Map of life expectancy at birth from Global Education Project.

Friday, December 18, 2009

Real World Economics

Listen up, ye Sons of Liberty!

Markets are not natural phenomena, or forces of nature. Markets are social constructions -- institutions created by humans, maintained by humans, shaped and controlled by humans.

All markets are regulated.

In complex societies, all markets depend on sustained, intrusive government intervention in order to function.

The only question is what form that intervention takes, and who benefits.

Markets are not separate from politics: their nature is controlled by the political institutions on which they depend for their existence.

The idealized market, even if it could exist, which it cannot, has no relationship to justice.

It is true of all markets that they do not resemble the fictitious entity presented in Economics 101, but this happens to be particularly easy to see in the case of health care. Let's start with that notion of externalities. Again, these are not the exception or a minor issue in the market for any good or service, but I don't want to get side tracked.

When a person receives health care, assuming it is effective, obviously that person benefits, and might be willing to pay something for it, assuming she or he had the money. But a whole lot of other benefits happen to other people as well. Here is just a partial accounting.

An obvious one is communicable disease control. If you cure or prevent an infection in one person, you can end up protecting a whole lot of people who have nothing to do with the medical encounter. Furthermore, the patient may be in the workforce, and his or her good health may contribute to the prosperity of all. Paid employment aside, people care for children and sick or disabled relatives, keep house, do volunteer work, help out friends – all sorts of good works that aren’t part of the money economy.

And, other people – family and friends -- might just care what happens to a sick person, and feel distress if they don’t get proper care, or can no longer be friends and companions. Furthermore some of us may feel bad about the sufferings of the unfortunate in general, and feel good about being part of a society that provides basic, compassionate care for everybody. And the last item I’m going to list is that it just isn’t very pleasant to have to step over sick and dying people all the time or pass mentally ill and disabled beggars on every corner. Actually if you live in the city you’ll find that you actually do a fair amount of that, right here in the Greatest Country on Earth.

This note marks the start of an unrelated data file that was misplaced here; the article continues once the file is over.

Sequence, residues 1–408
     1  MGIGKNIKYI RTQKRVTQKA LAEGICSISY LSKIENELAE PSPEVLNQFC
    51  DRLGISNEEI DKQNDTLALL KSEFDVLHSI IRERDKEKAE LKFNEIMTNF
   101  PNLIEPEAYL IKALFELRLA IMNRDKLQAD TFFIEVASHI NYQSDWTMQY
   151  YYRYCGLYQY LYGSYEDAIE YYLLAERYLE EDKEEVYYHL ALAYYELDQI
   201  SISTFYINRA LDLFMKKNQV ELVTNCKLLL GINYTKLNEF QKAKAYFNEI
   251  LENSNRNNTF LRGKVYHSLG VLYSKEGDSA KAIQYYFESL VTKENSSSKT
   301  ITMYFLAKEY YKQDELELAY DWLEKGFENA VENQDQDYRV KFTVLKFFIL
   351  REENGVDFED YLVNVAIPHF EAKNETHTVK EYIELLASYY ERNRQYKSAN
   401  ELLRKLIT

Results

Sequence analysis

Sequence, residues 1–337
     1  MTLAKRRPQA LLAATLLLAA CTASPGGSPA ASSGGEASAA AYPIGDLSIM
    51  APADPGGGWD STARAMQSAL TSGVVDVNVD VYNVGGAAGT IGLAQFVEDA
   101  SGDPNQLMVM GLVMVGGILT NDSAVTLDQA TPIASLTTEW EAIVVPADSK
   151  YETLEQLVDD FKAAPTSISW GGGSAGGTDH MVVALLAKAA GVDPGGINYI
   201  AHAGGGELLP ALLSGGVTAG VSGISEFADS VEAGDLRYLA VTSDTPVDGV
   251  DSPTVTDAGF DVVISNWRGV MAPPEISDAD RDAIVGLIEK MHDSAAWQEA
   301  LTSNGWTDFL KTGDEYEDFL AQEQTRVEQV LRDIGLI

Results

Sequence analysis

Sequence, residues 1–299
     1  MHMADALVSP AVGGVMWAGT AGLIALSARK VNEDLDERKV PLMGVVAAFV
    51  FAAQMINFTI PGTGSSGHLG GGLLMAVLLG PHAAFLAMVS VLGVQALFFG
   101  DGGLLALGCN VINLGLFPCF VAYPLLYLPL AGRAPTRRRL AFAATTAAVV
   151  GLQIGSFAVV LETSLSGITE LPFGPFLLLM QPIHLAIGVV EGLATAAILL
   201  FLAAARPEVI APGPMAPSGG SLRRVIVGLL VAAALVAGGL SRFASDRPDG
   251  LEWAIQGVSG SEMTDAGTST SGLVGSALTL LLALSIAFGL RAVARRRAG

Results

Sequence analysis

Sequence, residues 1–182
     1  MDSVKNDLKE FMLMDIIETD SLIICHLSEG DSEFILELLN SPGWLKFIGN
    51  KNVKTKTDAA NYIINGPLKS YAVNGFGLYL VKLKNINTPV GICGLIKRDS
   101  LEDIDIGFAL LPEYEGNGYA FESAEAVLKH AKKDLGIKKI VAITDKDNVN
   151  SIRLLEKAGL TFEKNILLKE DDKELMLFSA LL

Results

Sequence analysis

So health care is in fact a mixed good (as are most goods, after all). If we had to depend on people to buy only as much of it as they could afford, or felt inclined to buy, it would be underproduced from a societal point of view – all of us would be losers.

Okay, let’s deal with a couple more assumptions. Obviously, as patients, we don’t have perfect information. That’s why we go to the doctor in the first place. The doctor has expertise we don’t have. Most of us have no way of knowing whether the doctor’s diagnosis and prescription are correct, because we don’t have a medical degree. Some of us are in a position to be better informed than others, but unfortunately, some of us also think we know more than we really do.

And obviously there is not and cannot be perfect competition among health care providers. In medically underserved areas, there is often none at all. Marcus Welby didn’t have any competition, he was the only doctor in his small town, and everybody figured that was beautiful. At the other extreme, many high tech services are available in very few places, and people outside of the major cities may have to travel hundreds of miles to get to them. That includes trauma care, by the way, which can come upon you in an instant, out of the blue. When you’re unconscious and bleeding to death from a car crash, you don’t have a discussion with the ambulance driver about which hospital you want to go to, let alone whether you want to go at all.

And, since medicine is all about expertise, and we can’t evaluate physicians’ expertise, it has to be done for us, by licensing and credentialing bodies. That means the supply of physicians is restricted – you can’t just have random people setting up physicians’ offices. Of course, many people do by claiming to be homeopaths or naturopaths or what not, but they’re probably just stealing.

So what about consumer sovereignty? Everybody has fairly similar basic needs for food, clothing, and shelter, which we satisfy if we can; and then we go on to allocate our remaining income according to our desires. But the need for health care differs radically among individuals, and it’s not something we generally get more of than we need because we want it. For sane people, getting medical interventions is generally unpleasant and to be avoided; we undergo them out of necessity.

Alright, that's a lot of verbiage for one day. Next time, I'll once again have pictures, and we'll talk about how the production and consumption of medical services are really allocated.


Anonymous said...

Thanks for these posts. The Econ classes I took in college never made sense to me for just the reasons you have cited. I look forward to your next posts.

thomas sabo said...

I feel pretty good, and support you.